Setting up an African Elephant “BQA”

Elephant handler training an elephant to retrieve a brush for a verbal or range cube reward. These elephants have had the basics down for years, but 6 am training sessions occur every morning to keep the elephants and handlers sharp. This one is learning to discriminate between a hat and a brush, and to give it back to the handler in exchange for several range cubes. Ted participated in all aspects of their program, including taking all-night behavioral observations.

Ted Friend, retired Professor Emeritus in the Department of Animal Science at Texas A&M University, recently returned from two weeks near Victoria Falls, Zimbabwe, helping to get the private owners of elephants in Southern Africa organized to start an animal welfare assurance program, similar to the successful BQA.  The populations of elephants in the federal parks in Zimbabwe and other southern African countries soared to the point of necessitating a major culling program 20 years ago, and the parks are similarly becoming overcrowded with elephants again.  Private land owners were offered the opportunity of adopting and raising baby elephants that were destined to be culled, and often adopted baby elephants whose mothers had been poached for ivory.  Training the young elephants to give tourists rides is relatively easy and similar to training young horses.  It is very different from the traditional Asian model of capturing and “breaking” mature elephants from the wild.  Giving tourists elephant rides into the bush to view wildlife generates more income than merely viewing the elephants, and the rides and related activities employ many local people, which is significant in a country with over 80% unemployment.

Although the 10 rescued elephants who were giving tourists rides where Ted stayed were on a 10,000 acre tract of land that was not completely fenced, they had to be constantly herded by four elephant handlers to a new location to forage or they would overgraze an area, just like cattle or sheep. The strategically located water hole attracted game, including wild elephants, from all over the region.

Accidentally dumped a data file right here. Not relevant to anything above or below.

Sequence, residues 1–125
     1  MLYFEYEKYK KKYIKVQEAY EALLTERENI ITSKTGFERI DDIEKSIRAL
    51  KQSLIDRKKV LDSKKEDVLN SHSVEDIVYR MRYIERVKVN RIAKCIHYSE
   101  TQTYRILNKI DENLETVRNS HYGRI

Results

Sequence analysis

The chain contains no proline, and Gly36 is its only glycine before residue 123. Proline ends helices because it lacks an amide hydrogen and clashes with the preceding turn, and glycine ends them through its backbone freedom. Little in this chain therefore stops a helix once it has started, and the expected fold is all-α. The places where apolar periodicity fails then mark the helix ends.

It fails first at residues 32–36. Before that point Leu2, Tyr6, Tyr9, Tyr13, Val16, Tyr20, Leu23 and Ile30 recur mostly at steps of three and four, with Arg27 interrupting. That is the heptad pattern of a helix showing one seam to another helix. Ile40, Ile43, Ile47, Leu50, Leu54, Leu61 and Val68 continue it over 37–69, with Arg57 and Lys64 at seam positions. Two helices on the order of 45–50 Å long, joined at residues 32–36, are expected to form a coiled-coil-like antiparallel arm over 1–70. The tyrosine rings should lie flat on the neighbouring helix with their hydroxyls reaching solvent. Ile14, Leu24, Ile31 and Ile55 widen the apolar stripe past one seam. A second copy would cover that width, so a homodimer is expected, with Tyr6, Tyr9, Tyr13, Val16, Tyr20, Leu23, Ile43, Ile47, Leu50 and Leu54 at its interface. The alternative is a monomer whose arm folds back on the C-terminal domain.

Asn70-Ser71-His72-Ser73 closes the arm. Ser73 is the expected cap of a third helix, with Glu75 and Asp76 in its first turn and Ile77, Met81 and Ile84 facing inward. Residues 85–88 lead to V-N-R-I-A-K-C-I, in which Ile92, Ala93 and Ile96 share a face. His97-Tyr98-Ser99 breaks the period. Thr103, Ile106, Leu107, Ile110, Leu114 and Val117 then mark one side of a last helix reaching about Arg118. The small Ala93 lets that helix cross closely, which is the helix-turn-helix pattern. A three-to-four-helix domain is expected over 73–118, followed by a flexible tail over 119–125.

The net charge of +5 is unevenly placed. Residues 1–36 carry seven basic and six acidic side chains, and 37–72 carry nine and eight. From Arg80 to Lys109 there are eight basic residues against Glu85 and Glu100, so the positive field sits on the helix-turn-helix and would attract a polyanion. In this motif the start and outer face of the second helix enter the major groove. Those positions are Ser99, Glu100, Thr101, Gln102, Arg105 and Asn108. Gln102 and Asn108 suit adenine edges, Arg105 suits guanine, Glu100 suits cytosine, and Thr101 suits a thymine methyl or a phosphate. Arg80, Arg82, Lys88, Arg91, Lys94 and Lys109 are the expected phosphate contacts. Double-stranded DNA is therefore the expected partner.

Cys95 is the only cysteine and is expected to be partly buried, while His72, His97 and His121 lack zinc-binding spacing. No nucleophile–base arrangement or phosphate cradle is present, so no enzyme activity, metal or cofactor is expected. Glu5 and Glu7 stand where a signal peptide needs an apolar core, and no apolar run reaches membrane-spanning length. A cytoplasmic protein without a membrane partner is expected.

Their problem is that animal activist groups have recently begun targeting the southern Africa riding operations, painting the Zimbabwe operations with the same brush as those in Asia, although those in Asia have dramatically improved over the last two decades.  Activist groups have gained traction with travel agents and booking companies to the extent that if a Zimbabwe-based company also offers white water rafting, bungee jumping and safaris, but in addition offers elephant rides, the booking company will move the bookings to a company that does not offer elephant rides.

This elephant is reaching up with its trunk to get a range cube. The saddles were more comfortable than any horse saddle Ted has used.

During the three day workshop near Victoria Falls, entitled “A Way Forward,” Ted gave a presentation showing how popular and valuable welfare certification programs have become in America for food animals, zoo animals, motion pictures, and attractions where people interact directly with animals. Zimbabwe and other southern African countries were British colonies, are English speaking, and rely heavily on the American market.  Ted’s second presentation led the audience through what a typical animal welfare certification and inspection program involves.  There is a lot of similarity between a program for dairy farms, a zoo, and elephant facilities, but any program needs to be credible and offer the stakeholders value.  A steering committee of stakeholders, including Ted, is now writing standards and an audit.  Many elephant ride operations already adhere to the standards of the Association of British Travel Agents; the elephant operators just need to reassure the public in a credible way.

Each night these elephants come into the corral (boma) for a pile of nice forage mixed with occasional melons, squash and other treats. It takes some impressive fencing to keep the wild elephants out of the boma area. In spite of this, a wild male broke through this fence and a similar interior fence that separated the irrigated fields that produce the forage and melons a few weeks ago. It took four men two hours, while also firing an occasional shot in the air, to chase that elephant out.


For more information regarding news from the Department of Animal Science, College of Agriculture and Life Sciences, Texas A&M University, please contact Kaitlyn Harkin at or (979) 845-1542.

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